Sports News Without Access, Favor, Or Discretion

Maybe Ben McAdoo's Play-Calling Was The Problem

Jack Dempsey/AP Photo

Two things happened. First, the Giants did not look anything like themselves last night (for instance, they won). Second, head coach Ben McAdoo finally surrendered play-calling duties to offensive coordinator Mike Sullivan. He did so quietly, with most of his players not even aware of the fact until after the game. You tell me if those two things are related.

“I need to do what is best for the team, just like we ask the players and just like we ask the coaches,” McAdoo said. “I thought the team needed me, and the whole locker room needed me this week. I needed to be at my best for these players and coaches this week.”


How selfless! The offensively challenged Giants were 0-5 and fighting in the locker room and down three wide receivers to season-ending injuries and facing a fantastic Broncos defense, so you had to figure this one wouldn’t be close. (And, cynically, maybe McAdoo figured getting blown out after handing off play-calling would show that he wasn’t the issue.) Well, it wasn’t close. The Giants dominated the Broncos in every facet, taking an early lead and never looking back for the 23-10 win.

Most shockingly, the Giants, coming in with the 30th ranked rushing offense, ran all over the Broncos, who had the NFL’s top rushing defense. New York ran 32 times for 148 yards, including 21 carries and a career-high 117 yards from Orleans Darkwa (who, by the way, Giants fans have been clamoring to get more touches for about a year now).

Darkwa, who along with just about every player besides Eli Manning only found in the locker room after the game that that Sullivan had been calling the plays, was obviously a fan.

“Obviously if we have success with something, we want to keep doing it. I think that’s how we always operate,” Darkwa said. “We had some success with the runs early and we were able to keep capitalizing off that. They did a great job with the play calling. When you have a lead, you’re able to do a lot of things and switch things up.”


Sticking with the run is something McAdoo’s Giants have never really done, but it paid off in spades. Through the first five weeks, the Giants were 70:30 in passes to rushes; last night, the ratio was 57:43. That allowed them to win the time-of-possession battle despite running 19 fewer plays than did Denver.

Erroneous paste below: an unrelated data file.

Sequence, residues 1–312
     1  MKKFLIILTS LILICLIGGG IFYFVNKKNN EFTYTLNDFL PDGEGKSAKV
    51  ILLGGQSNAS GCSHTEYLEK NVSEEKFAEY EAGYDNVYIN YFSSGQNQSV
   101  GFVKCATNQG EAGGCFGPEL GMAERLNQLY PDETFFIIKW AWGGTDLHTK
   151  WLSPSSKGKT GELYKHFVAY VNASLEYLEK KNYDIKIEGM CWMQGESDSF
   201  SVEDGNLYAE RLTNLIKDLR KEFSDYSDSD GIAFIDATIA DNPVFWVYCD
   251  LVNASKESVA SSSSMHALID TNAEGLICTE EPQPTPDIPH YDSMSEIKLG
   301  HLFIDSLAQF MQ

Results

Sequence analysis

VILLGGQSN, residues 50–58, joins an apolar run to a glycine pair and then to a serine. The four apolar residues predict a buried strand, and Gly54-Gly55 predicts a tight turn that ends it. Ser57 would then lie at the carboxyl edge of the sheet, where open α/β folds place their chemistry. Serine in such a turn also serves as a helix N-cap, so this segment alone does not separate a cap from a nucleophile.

Everything flowed from the Giants’ use of the 12 personnel package, which features one running back, two tight ends, and two receivers. The vast majority of the NFL, including the Giants up to this point, primarily uses the 11 personnel (one running back, one tight end, three WRs). But last night, the Giants trotted out the 12 personnel on 72 percent of snaps. As ESPN’s Jordan Raanan notes, the NFL average is around 19 percent.


The change was born out of necessity. With Odell Beckham, Brandon Marshall, and Sterling Shepard injured, their top receivers are now Roger Lewis and Tavarres King. Three-WR sets would be a stretch.

But going with two tight ends also plays to one of the Giants’ offensive strengths. They have in Rhett Ellison one of the league’s better blocking TEs, and in first-round pick Evan Engram a real pass-catching threat. Playing the two at the same time avoids telegraphing; opponents can’t stack the box against the run as they might when only Ellison is out there, and they’re constantly forced to cover Engram as they would a receiver. It paid off: the Giants never had to abandon the run game, while Engram led the giants with five catches for 82 yards and a touchdown. It might’ve been fun to see this personnel grouping back when the Giants actually had healthy wideouts.


This is not really sustainable; the Giants completed just two passes to wide receivers. But man is it refreshing to see McAdoo give up the playbook and the Giants’ offense immediately become effective. It’s also promising to see Engram, who could be a real star in this league, emerge as the No. 1 option this early in his career, even if by default. New York just has to try not to win too many games this year, or it’ll be tougher to find the one skill position long-term replacement they need most of all: quarterback.

Share This Story

About the author